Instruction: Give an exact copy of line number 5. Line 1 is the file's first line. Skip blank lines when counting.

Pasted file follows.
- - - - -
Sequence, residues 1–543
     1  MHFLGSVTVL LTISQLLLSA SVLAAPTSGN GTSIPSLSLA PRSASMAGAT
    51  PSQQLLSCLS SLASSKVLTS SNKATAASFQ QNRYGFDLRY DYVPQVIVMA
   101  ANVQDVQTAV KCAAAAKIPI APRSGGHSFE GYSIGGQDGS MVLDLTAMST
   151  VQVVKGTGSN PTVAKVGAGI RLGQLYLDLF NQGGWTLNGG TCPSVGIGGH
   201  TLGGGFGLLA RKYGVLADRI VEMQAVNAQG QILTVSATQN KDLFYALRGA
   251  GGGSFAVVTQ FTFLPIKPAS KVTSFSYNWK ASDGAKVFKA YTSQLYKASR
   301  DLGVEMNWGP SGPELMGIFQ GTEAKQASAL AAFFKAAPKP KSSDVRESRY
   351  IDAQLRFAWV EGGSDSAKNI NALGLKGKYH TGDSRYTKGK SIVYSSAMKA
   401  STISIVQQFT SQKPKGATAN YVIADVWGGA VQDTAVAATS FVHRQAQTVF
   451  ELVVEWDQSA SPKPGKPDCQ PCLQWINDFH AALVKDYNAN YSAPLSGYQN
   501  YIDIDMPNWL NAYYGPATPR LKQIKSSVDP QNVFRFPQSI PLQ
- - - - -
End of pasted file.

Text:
   151  VQVVKGTGSN PTVAKVGAGI RLGQLYLDLF NQGGWTLNGG TCPSVGIGGH